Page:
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I received so many requests from you asking for the lesson plan I followed for my recent talk with my son’s fourth grade class (see Thank You For Being a Friend – The Need for Food Allergy Education in Elementary School) that I kicked it into high gear and began writing it up right away!

In previous years, I had followed a simplified plan accompanied by a food allergy-related book (see the list of books I’ve used/reviewed here).  This year, however, I noticed a shift in maturity amongst the kids and decided to capitalize on it and upgrade my lesson plan.

I will tell you in advance, the response to this talk was amazing!  The kids were fully engaged, respectful of each others ideas and questions, and clearly connected with the topic.

A few tips to begin:  Everyone has a different level of comfortability when discussing personal health issues.  Although it is tempting to talk about personal experience or ask pointed questions to kids who you know have food allergies, I would resist this urge.  I try very hard to speak about food allergies from a neutral perspective and not single out my own son, for example.  That said, if the kids chime in for themselves (as they did when I spoke to their class) all the better.

Mentally allot a couple of minutes for kids to tell you everyone they know who is allergic to everything you can name.  It’s going to happen.  It engages the kids right away and lets them be heard.

This lesson plan should take about 30 minutes but with discussion and an optional snack you could easily fill 45 minutes.

Have fun in the classroom!

DOWLOAD LESSON PLAN BELOW:

Allergy Shmallergy – 4th Grade Food Allergy Lesson Plan

AS Logo 1- Blue Green

 

Thank You For Being a Friend – The Need for Food Allergy Education in Elementary School April 29, 2015

So we had a food allergy incident a couple of months ago.

There was a whole walnut rolling around the hall in my son’s school.  This, I can assure you, is a real anomaly.  So much so, that the kids didn’t know what it was. Having rolled underfoot, one of my son’s classmates bent down to inspect it.  “Hey!” he yelled to my tree nut allergic son, “come over here.  Is this a walnut?”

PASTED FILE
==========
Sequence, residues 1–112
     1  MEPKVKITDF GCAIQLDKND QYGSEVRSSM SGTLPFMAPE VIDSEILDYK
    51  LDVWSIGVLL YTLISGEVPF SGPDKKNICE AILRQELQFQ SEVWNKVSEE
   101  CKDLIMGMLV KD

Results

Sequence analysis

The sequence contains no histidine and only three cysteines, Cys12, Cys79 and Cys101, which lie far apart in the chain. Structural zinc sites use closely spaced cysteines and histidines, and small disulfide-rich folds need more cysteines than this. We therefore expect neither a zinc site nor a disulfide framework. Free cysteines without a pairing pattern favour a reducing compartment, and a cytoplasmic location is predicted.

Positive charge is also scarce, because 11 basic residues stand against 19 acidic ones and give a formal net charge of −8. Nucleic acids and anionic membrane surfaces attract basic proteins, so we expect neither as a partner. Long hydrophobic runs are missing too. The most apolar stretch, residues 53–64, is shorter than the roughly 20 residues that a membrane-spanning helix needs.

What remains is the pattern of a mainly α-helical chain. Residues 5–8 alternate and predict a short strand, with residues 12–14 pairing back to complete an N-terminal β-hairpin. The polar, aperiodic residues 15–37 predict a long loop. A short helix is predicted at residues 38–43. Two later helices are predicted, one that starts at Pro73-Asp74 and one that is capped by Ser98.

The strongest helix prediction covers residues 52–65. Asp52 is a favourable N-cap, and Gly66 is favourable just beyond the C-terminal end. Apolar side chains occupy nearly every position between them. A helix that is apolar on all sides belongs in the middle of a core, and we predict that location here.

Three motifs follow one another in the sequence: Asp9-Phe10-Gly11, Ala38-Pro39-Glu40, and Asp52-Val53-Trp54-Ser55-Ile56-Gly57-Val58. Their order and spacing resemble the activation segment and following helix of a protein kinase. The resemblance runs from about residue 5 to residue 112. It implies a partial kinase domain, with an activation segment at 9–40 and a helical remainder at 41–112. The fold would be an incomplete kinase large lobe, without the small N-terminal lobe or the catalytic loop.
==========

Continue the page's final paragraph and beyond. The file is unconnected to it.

Feeling a little nervous, my son backed away about to explain that he, of all people, is not qualified to be a nut inspector when his friend, a food allergic girl in his class, stepped in to remind everyone that my son has an allergy to tree nuts.

The kids began to file into the classroom and somehow the nut followed them.  My son’s deskmate grabbed the walnut and teased him with it, waving the walnut close to his face saying, “Ooooo….a walnut.”  My son began to speak up, as practiced, when the same girl started yelling, “Are you crazy?!  He’s ALLERGIC to nuts!  He could go to the hospital!”

My son wasn’t harmed.  But he WAS upset when I picked him up from the bus.

“Mom,” he said.  “I know I seem really tough… Like my feelings are as thick as a wall. But inside, they’re like this [holding his palms facing one another, nearly touching]… they can be as thin as paper.”

We talked it through thoroughly: we discussed what he was feeling, things he would have liked to say, how thankful he was for a good friend like that awesome girl.  And, he was sure his classmates acted out of misunderstanding or miseducation rather than malice. The head of the school spoke to his grade and I came into his classroom to teach the kids about food allergies.  Both boys apologized to my son, explaining they had no idea about the severity of possible reactions.  Their regret was evident as was their interest in food allergy education (which I will discuss in a separate post).